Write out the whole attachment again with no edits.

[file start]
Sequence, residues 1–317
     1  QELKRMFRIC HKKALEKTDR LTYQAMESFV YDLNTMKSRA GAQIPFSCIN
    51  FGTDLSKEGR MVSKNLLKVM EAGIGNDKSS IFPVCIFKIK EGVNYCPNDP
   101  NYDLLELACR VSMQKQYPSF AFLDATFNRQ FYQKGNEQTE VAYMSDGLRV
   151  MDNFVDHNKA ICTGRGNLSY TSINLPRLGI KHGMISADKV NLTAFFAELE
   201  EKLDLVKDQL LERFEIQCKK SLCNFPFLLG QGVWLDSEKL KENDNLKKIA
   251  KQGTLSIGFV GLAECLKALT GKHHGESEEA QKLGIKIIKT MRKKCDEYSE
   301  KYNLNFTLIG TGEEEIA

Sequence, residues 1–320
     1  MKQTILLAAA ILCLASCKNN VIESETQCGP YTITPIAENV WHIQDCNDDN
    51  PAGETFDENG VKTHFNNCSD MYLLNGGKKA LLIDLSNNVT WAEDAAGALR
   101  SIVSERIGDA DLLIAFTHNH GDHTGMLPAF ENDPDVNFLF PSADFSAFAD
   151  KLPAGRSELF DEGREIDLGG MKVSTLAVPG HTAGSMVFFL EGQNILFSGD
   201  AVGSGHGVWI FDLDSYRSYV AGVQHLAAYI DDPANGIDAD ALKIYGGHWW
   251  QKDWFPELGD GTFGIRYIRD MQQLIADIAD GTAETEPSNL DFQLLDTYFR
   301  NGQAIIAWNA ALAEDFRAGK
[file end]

Sequence, residues 1–317
     1  QELKRMFRIC HKKALEKTDR LTYQAMESFV YDLNTMKSRA GAQIPFSCIN
    51  FGTDLSKEGR MVSKNLLKVM EAGIGNDKSS IFPVCIFKIK EGVNYCPNDP
   101  NYDLLELACR VSMQKQYPSF AFLDATFNRQ FYQKGNEQTE VAYMSDGLRV
   151  MDNFVDHNKA ICTGRGNLSY TSINLPRLGI KHGMISADKV NLTAFFAELE
   201  EKLDLVKDQL LERFEIQCKK SLCNFPFLLG QGVWLDSEKL KENDNLKKIA
   251  KQGTLSIGFV GLAECLKALT GKHHGESEEA QKLGIKIIKT MRKKCDEYSE
   301  KYNLNFTLIG TGEEEIA

Sequence, residues 1–320
     1  MKQTILLAAA ILCLASCKNN VIESETQCGP YTITPIAENV WHIQDCNDDN
    51  PAGETFDENG VKTHFNNCSD MYLLNGGKKA LLIDLSNNVT WAEDAAGALR
   101  SIVSERIGDA DLLIAFTHNH GDHTGMLPAF ENDPDVNFLF PSADFSAFAD
   151  KLPAGRSELF DEGREIDLGG MKVSTLAVPG HTAGSMVFFL EGQNILFSGD
   201  AVGSGHGVWI FDLDSYRSYV AGVQHLAAYI DDPANGIDAD ALKIYGGHWW
   251  QKDWFPELGD GTFGIRYIRD MQQLIADIAD GTAETEPSNL DFQLLDTYFR
   301  NGQAIIAWNA ALAEDFRAGK